"People don't follow brands, they follow humans, and brands that humanize themselves get followed. It's about being real. It's about being authentic. It's about being transparent," she said.

Gil C. Quiniones, President and CEO of the New York Power Authority, said technology is transforming his utility into the first utility to be completely digitized from end to end.

Quiniones said the three forces of decentralization, electrification and digitalization are reshaping the industry.

"Our one-way power flow is completely being changed into bidirectional even multidirectional power flows," he said. "Digitalization is the intelligence layer that makes the other two — decentralization and electrification — come together."

Quiniones spoke about New York State's ambitious goals for renewable energy, energy efficiency and energy storage, as outlined by Gov. Andrew Cuomo.

"We will issue a request for proposals for 800 megawatts of offshore wind off the coast of Long Island... By Earth Day we will set mandatory energy efficiency targets," he said. "These are concrete actions we will be taking to reach the destination we have set forth."

A digital utility places the customer at the center of the transformation, he said.

"It has to be end to end. We have to digitize everything inside and out," he said. "A digital utility measures its success, in the end, based on the success of its customers."

Most of the technological transmission happening today is occurring at the edge of the grid, he said.

"DistribuTECH—distribution technology. That is where we can transform this greatest technology that we call the power grid into the integrated energy network of the future for the benefit of all," he said.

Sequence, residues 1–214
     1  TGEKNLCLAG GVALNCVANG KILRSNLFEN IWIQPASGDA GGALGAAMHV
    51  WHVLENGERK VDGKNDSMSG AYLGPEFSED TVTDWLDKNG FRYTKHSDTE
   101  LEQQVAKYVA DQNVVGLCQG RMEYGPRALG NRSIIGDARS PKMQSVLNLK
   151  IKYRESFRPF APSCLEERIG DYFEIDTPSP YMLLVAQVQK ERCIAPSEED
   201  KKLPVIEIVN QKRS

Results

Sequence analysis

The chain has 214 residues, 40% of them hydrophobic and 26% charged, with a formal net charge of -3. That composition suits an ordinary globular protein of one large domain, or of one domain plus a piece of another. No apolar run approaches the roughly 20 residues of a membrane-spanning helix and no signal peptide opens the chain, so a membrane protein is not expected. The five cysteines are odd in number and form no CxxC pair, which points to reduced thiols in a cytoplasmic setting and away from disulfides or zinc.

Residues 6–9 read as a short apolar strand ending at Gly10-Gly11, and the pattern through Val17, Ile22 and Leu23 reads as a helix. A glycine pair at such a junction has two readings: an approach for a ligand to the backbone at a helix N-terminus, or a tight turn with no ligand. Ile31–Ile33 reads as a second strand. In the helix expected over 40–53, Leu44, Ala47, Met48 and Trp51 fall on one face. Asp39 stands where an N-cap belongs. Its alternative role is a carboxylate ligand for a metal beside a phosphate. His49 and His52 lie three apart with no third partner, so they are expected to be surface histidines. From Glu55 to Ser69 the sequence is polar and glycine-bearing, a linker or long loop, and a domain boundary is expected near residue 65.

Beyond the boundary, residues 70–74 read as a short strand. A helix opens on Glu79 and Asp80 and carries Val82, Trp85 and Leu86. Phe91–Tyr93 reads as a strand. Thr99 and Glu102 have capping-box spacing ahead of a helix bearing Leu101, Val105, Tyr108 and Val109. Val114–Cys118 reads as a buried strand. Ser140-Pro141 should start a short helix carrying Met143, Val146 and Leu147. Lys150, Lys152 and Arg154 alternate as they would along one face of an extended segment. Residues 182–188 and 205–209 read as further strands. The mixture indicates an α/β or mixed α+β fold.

Lastly, Dr. Michael E. Webber of Webber Energy Group, noted that all of our modern comforts and the entire global economy are made possible by inventions from the 1800s.

"Even electronic vehicles were invented in 1839. We are due for some innovation, so I hope some of you out there are working on the next thing," Webber said.

A lot of wealth is lost, he said, in ways we don't see or think of. A third of the energy we consume in the US is used just to boil water to spin turbines to make more energy. One half the water we use is to cool power plants.

"We could power entire countries with just the energy we use to heat up water," he said.

In Webber's way of looking at it, energy is water, and water is energy. Any restraint upon one is a restraint on the other. For example, he said, the 2012 droughts in India that led to the country's worst power outages.

Even something as innocuous as tea time can cause outages in the UK, when everyone puts the electric kettle on after their favorite soap opera.

Basic concepts used in the industry, such as baseload power, may need to be rethought.

"Baseload power may be an obsolete and even dangerous term because it may no longer represent what the grid does anymore," he said. "We need to have a supply following mindset rather than a load following mindset."

Electrification is continuing to spread to the transportation sector, he said, adding that his children may be the final generation that ever learns to drive.

"Maybe someday people will pay money to drive an old beat up car around a dusty old track the way we pay to ride an old beat-up horse around a dusty old track," he said.

Finally, Webber recommended we all learn conservation at every level — from more efficient homes to more efficient power plants.

"Conservation works at every scale," he said. "It isn't the only answer, but it buys us time so that people like you can develop better solutions."